One of the guidelines for the artists who would participate was to base the Washington portrait on a well-known sculpture of the first president of the US, which was made by a French sculptor, Jean-Antoine Houdon, in 1785.

After going through submissions, the committee, in cooperation with the US Commission of Fine Arts, chose the design by Laura Gardin Fraser.

Those of you who are really into coins might remember the Fraser surname. James Earle Fraser was the designer of the Buffalo Nickle, and Laura was his wife.

Anyways, the George Washington Bicentennial Committee and the Commission of Fine Arts were happy with their choice and expected Fraser’s right-facing portrait of George Washington to appear on the half-dollar and the medal that was also to be made as a part of the commemoration.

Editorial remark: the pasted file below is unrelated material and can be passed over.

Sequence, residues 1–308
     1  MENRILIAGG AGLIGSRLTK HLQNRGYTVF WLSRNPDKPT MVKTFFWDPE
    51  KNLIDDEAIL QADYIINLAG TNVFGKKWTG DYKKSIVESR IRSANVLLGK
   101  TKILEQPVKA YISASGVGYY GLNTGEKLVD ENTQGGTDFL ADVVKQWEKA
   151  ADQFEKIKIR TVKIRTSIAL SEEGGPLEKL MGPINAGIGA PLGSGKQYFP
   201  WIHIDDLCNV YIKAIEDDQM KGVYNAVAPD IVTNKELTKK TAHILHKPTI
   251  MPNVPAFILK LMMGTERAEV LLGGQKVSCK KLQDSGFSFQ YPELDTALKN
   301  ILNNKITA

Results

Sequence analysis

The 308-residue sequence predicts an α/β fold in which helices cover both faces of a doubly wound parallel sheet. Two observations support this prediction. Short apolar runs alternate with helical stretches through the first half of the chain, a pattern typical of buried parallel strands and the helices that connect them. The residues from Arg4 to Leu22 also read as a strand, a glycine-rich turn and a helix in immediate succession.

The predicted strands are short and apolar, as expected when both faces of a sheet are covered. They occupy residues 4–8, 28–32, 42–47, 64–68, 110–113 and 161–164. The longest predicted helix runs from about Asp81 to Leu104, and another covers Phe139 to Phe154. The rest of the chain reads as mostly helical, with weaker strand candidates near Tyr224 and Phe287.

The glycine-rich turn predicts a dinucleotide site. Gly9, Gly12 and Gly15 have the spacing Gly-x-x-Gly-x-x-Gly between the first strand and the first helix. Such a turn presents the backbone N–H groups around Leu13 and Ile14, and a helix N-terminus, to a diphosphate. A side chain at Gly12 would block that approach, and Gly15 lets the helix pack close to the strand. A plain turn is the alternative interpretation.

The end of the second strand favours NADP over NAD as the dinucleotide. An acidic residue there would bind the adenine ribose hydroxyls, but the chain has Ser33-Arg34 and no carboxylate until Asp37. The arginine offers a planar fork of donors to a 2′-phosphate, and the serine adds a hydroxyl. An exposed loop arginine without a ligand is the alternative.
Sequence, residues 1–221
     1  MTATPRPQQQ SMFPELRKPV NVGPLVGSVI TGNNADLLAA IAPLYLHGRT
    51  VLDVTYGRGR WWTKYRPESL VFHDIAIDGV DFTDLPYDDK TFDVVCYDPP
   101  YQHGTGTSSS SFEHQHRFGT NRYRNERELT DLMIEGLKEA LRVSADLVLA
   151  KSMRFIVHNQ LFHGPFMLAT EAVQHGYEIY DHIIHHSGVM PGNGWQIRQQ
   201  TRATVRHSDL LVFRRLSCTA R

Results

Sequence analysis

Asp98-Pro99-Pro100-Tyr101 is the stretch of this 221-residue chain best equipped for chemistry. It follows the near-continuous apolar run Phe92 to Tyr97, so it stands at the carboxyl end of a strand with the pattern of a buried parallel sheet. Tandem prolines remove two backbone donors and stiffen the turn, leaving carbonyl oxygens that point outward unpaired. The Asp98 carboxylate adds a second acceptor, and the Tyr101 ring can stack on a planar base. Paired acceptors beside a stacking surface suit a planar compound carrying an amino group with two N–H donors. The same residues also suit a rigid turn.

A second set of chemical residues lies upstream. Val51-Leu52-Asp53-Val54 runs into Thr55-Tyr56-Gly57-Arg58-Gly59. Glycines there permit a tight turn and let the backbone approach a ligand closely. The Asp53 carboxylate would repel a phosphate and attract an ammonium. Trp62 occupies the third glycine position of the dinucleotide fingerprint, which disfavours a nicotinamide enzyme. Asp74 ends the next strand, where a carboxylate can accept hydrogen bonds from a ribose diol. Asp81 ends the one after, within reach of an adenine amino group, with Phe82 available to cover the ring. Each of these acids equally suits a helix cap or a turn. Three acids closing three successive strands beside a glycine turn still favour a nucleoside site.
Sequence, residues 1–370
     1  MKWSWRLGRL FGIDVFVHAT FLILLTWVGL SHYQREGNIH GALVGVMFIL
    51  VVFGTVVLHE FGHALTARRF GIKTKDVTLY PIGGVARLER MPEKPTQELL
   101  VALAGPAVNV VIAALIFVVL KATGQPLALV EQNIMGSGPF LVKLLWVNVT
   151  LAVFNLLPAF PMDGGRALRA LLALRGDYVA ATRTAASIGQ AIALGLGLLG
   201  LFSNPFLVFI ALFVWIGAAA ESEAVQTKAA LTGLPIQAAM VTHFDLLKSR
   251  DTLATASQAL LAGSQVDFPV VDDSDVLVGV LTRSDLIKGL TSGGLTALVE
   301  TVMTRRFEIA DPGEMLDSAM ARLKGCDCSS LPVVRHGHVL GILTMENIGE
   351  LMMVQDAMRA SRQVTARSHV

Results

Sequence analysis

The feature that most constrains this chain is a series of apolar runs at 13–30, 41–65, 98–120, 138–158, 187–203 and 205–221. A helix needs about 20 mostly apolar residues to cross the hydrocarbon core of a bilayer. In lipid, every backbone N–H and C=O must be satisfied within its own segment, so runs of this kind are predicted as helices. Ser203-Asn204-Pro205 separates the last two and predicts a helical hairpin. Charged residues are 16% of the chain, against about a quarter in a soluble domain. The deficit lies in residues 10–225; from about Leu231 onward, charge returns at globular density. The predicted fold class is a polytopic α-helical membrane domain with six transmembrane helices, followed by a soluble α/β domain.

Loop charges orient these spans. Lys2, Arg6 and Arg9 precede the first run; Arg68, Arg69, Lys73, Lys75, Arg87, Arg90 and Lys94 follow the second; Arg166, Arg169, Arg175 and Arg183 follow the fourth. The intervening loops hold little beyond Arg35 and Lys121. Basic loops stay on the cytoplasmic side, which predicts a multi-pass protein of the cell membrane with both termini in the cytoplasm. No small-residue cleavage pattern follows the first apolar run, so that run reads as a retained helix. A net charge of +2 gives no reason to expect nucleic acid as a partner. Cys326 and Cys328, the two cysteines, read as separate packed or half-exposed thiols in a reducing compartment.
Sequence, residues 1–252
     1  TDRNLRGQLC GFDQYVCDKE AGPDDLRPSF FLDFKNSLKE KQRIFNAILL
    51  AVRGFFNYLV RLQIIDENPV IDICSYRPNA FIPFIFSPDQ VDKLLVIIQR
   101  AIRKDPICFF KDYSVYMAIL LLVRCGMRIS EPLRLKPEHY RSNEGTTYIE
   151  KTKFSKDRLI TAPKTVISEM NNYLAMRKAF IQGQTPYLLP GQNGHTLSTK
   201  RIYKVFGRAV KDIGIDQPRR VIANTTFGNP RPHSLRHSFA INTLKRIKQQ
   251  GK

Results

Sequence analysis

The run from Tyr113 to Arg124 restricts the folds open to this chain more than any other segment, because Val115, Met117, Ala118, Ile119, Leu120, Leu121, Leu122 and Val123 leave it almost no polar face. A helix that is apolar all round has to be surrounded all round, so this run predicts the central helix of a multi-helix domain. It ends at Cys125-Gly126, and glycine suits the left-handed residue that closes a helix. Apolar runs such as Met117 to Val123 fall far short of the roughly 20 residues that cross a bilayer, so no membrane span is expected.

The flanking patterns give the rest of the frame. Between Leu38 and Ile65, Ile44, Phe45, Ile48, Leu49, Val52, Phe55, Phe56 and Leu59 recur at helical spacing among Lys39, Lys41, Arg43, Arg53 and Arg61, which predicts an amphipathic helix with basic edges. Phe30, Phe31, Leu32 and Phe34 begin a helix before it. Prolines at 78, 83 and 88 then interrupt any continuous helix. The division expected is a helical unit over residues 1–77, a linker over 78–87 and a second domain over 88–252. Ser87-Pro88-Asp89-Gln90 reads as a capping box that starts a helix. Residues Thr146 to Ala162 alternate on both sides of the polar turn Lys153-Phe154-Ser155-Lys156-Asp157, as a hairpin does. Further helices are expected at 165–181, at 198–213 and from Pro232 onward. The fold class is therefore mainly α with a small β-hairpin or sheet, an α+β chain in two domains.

However, in 1931, legislation for the change of the quarter’s design was introduced in Congress. According to that legislation, the quarter would be the coin with Washington’s portrait.

Another thing that it asked for is that the Washington quarter not only be struck in 1932 but in the years after that since the then design of the quarter, Standing Liberty was causing too many problems.

The committee did not like these requirements, but the worst was yet to come for them.

The US Treasury decided to hold a new competition for the design of the future Washington quarter. To make things even more interesting, the Treasury asked for help from the US Commission of Fine Arts, which was already cooperating with the George Washington Bicentennial Committee.

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After reviewing submissions, the Commission of Fine Arts voted in favor of Fraser’s work once again. But the then Secretary of the Treasury, Andrew W. Moore, decided to go with the design made by John Flanagan, and the US Congress passed the bill that authorized the change of the quarter’s design.